Any development that is not well-aligned with the expectations of the stakeholders, is going to cause multiple redos and rechecks. Better to avoid it happening in the first place. We recommend developing an SLO or Service Level Objectives and processing accordingly. 

SLOs refer to the collection of particular traits that a software should have to impress or meet the stakeholders' expectations. Once they are defined, it’s easy for an organization to give a certain aim to the development. 

For instance, the SLOs explain that only real-time data is required to be captured by an IoT application. In that case, coding will be done accordingly. It prevents developmental loopholes and confusion. 

  • Perform automated SLO evaluation 

Having SLOs is not enough. Their effective evaluation is also required. Quality gates are of great help here. With quality gates, development teams can define certain qualifying criteria for a development stage. 

Moving to the next stage is only possible if the criteria of the previous quality stage are met. They are here to quality development at each stage and make the entire process highly manageable. 

  • Use automation for repeated processes 

Repeated tasks like testing every code, checking every configuration, and performing quality checks at each stage are extensively done in DevOps. As these are non-negotiable, it’s better to automate these repetitive tasks to save time and effort while attaining perfection. 

  • Try to keep things simple 

Complex does not always mean productive. Instead, complexity can slow you down most of the time. Hence, it’s recommended to keep the CD pipeline as simple as possible. Use tools that are required, use automation wherever possible, and take the help of an SLO-based orchestration framework. 

You can also use a centralized Dashboard for all the CD pipeline management. With all these practices, you can keep the process simple and easy to handle. 

  • Use observability along with continuous monitoring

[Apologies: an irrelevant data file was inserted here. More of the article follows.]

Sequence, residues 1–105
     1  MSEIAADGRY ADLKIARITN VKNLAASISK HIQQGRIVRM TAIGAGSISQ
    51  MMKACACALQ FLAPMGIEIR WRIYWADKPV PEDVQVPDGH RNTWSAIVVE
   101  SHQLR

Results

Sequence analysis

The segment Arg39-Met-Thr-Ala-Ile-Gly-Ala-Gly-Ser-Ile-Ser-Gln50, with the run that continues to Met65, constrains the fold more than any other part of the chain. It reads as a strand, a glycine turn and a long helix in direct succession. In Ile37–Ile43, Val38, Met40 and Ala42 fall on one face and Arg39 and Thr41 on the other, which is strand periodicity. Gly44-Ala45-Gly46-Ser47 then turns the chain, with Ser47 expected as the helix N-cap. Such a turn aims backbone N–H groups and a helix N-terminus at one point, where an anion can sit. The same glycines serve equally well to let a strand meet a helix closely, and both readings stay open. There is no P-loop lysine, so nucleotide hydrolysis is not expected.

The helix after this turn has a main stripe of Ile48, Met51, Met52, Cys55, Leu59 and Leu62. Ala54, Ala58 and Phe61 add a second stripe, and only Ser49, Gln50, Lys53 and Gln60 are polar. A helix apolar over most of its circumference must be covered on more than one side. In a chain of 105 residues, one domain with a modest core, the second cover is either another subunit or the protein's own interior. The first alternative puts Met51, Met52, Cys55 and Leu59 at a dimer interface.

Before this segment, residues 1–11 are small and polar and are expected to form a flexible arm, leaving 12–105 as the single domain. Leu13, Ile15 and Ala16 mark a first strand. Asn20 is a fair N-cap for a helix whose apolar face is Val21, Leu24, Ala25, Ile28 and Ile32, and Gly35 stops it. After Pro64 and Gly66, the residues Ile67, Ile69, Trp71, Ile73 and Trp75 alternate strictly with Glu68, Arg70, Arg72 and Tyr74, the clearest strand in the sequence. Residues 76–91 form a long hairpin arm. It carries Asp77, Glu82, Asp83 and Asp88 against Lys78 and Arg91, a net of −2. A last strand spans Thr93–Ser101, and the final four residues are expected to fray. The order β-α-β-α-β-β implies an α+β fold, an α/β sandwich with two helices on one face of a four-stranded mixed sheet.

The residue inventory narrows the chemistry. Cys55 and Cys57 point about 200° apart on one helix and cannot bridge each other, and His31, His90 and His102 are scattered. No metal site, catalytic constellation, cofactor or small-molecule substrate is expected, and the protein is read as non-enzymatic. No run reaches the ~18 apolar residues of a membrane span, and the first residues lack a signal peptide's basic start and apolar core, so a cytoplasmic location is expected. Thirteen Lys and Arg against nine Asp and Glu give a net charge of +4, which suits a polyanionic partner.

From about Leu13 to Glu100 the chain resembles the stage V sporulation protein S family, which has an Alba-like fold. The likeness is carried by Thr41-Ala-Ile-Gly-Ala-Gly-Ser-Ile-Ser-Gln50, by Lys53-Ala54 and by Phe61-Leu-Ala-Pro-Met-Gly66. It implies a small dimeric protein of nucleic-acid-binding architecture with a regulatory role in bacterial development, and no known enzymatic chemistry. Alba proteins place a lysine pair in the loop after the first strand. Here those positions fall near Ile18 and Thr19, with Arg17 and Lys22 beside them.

For cloud-native CD pipelines, observability is important. With its help, it’s possible to develop well-optimized cloud applications that align best with SLOs. 

The telemetry data that observability will track is useful to maintain quality at each development stage. As it helps you seize code-level application details, error fixing and troubleshooting become easier than ever. 

Pair it with monitoring for better visibility of application performance and development quality. Continuous monitoring speeds up the update integration and fixes the slow performance. 

  • Continuous Delivery Tools

As mentioned above, the CD is an automated approach. Hence, tools of various kinds and varieties would be required during their entire usage periods. We present you with a crisp overview of some essential CD tools

  • A version control tool for easy code management. You can try Git, Docker Hub, Cloudsmith package, NuGet, and SVN. 
  • A fully automated build engine. Rake, Make, and Maven are a few considered worthy options. 
  • Feature-rich performance testers that can perform stress and normal load tests. You can try Netsparker, Arctic Wolf Vulnerability Scan, and Fortify Static Code Analyzer tools for this task. 
  • Goal-specific integration, unit, and functional test systems. Tools like MicroFocus, SauceLabs, and Selenium are best for this job. 
  • Tools like Travis CI, GoCD, Jenkins, GitLab CI, and many more for configuration management 
  • A need-based artifact repository 

All these tools are offered as a pre-integrated facility with a continuous pipeline. In addition to these, the development team also banks upon containers to achieve consistency in development. Businesses have to align their development goals with the offerings of these tools and pick them accordingly. 

Conclusion

Easy and quick development is the best development approach. Continuous delivery is an easy approach to make it happen. By ensuring flawless code delivery continuously, it aids greatly in DevOps. A key aspect of CD/CI pipeline, CD is here to improve the code readability.